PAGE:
Working as a Wound, Ostomy, and Continence nurse University Hospitals Ahuja Medical Center is where Linda Coulter, BSN, MS, RN, CWOCN, found her passion. She tells the story of her journey and offers advice for those entering the profession of nursing.
Mr. K asked “Are you sure you want to do this?” His permanent ileostomy had begun to function and I was a RN studying to become a Certified Wound, Ostomy, and Continence (WOC) nurse, trying to provide care. “Yes, I am positive.”
“Linda,” he said, pointing at his stoma, “this has given me my life back.” He then described life before his ostomy surgery; unable to leave his house without knowing every restroom along the route and at the destination. Now he was able to go dancing with his wife and beamed as he described teaching his grandson to fish. After listening to his story, I was even more determined to earn my certification.
Every day my passion for being a WOC Nurse is fed by the people I meet who are getting their lives back because of ostomy surgery. Besides providing care, I educate patients, families, and caregivers. My fellow WOC nurses are equally passionate. We collaborate to provide high quality, evidence-based, and compassionate care. Our work is valuable to our hospital system, because the care we provide helps to decrease readmissions, prevents costly pressure injuries, and speeds wound healing.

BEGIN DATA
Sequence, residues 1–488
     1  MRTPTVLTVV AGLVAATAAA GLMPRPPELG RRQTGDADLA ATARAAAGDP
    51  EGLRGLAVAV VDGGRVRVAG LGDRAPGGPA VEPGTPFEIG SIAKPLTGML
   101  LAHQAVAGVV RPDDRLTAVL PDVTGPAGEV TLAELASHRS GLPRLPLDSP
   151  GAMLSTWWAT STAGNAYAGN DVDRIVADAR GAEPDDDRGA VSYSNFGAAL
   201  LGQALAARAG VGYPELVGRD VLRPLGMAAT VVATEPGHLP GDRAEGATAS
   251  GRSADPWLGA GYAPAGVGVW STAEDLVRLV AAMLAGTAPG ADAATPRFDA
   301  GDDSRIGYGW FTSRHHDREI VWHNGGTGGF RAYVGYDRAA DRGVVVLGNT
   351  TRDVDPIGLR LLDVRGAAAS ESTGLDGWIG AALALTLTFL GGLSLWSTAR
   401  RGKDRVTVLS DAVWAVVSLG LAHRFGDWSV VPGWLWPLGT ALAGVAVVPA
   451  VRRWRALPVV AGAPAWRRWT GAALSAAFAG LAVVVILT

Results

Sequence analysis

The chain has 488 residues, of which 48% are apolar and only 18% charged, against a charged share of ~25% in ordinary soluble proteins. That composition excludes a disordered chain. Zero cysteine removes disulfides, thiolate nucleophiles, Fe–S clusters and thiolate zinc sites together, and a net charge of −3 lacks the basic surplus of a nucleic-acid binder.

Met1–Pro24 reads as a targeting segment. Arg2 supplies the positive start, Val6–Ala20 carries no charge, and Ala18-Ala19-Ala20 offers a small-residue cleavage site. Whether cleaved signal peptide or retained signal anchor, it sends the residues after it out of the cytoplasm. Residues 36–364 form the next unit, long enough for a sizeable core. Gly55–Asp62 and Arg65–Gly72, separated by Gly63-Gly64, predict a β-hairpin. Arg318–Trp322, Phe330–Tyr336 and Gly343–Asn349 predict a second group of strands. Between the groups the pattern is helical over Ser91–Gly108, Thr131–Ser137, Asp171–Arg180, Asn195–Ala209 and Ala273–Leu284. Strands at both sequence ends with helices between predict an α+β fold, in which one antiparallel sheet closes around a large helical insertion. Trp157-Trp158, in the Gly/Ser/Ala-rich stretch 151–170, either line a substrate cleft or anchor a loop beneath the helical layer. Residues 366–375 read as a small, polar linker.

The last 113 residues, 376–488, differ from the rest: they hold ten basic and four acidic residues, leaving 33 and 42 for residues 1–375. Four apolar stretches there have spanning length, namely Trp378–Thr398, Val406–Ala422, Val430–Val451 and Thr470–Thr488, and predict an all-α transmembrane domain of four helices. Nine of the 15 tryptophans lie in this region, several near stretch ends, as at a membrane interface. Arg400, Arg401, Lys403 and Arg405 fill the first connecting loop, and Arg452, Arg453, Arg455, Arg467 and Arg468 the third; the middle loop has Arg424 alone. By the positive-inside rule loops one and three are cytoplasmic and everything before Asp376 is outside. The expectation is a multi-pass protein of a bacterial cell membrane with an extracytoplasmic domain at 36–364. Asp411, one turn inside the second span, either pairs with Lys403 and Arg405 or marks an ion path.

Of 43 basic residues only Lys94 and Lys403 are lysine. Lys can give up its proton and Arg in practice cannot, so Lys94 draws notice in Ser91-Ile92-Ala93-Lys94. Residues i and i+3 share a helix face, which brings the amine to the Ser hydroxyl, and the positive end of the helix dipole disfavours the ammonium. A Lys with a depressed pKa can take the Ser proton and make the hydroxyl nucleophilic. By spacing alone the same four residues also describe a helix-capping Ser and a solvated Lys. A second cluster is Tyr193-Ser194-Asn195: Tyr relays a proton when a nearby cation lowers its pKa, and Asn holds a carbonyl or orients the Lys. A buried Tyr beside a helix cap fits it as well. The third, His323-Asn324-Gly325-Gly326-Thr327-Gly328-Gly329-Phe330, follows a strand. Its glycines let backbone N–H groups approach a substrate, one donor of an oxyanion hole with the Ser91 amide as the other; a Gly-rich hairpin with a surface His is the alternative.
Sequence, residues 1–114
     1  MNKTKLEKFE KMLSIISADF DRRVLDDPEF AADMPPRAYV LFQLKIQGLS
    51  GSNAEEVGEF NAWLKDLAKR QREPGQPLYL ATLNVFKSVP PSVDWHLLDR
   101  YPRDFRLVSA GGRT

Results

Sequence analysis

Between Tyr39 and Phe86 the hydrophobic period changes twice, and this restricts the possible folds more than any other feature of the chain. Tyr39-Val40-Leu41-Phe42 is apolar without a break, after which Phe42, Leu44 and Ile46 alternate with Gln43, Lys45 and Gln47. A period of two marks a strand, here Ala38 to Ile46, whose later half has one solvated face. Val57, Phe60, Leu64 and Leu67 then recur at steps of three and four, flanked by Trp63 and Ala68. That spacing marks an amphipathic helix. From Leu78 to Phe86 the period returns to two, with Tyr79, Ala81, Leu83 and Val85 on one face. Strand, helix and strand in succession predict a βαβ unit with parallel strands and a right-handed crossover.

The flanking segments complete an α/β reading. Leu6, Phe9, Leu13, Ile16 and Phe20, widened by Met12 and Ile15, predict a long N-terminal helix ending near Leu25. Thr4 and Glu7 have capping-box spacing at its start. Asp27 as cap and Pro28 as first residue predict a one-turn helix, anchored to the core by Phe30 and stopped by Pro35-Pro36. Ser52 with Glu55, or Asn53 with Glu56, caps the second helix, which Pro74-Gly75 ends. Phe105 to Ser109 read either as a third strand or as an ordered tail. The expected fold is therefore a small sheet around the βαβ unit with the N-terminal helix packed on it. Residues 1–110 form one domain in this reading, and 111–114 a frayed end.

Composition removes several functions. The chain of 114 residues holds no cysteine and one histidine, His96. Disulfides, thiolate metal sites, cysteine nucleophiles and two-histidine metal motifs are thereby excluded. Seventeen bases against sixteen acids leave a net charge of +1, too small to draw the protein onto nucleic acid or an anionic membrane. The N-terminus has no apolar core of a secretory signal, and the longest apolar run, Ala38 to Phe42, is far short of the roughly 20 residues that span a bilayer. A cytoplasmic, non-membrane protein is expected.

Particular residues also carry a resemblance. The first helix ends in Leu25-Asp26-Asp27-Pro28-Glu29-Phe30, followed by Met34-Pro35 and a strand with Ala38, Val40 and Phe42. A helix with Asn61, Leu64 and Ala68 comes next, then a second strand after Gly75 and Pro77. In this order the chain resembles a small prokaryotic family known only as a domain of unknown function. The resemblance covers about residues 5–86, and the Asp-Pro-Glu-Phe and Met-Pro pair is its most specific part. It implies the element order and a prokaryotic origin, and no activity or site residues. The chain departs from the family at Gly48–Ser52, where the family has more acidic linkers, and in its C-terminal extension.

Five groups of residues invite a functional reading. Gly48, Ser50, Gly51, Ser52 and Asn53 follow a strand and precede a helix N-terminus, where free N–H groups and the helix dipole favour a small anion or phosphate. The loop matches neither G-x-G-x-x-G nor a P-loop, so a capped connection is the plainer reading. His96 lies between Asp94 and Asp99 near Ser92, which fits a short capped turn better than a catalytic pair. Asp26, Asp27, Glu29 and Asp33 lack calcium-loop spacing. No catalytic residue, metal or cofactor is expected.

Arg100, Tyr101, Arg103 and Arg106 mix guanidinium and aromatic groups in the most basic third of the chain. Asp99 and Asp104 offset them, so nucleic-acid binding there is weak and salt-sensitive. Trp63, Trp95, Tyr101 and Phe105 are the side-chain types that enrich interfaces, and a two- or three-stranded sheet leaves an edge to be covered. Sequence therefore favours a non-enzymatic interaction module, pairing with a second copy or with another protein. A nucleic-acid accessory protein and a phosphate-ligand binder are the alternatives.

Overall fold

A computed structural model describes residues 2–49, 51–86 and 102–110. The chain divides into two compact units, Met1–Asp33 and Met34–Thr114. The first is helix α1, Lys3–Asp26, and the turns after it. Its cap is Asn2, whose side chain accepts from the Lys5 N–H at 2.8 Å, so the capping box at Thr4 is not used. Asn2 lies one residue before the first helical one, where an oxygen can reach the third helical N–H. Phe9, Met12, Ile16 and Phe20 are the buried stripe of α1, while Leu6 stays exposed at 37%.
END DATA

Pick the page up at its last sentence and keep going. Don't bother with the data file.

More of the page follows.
I was fortunate as a senior in nursing school to observe the dedication and passion that is WOC Nursing, and it spoke to me, “This is what you need to do.” For those entering the profession, I encourage them to find the area of nursing in which they feel passionate and energized. The best, most satisfied nurses, regardless of where they are employed, are those who feel called to their work. Seek and find the specialty that speaks to you. Specialize in that area and get certified. Your patients, your colleagues, your family, and especially you, will be so happy that you followed that path--the path that was meant for you.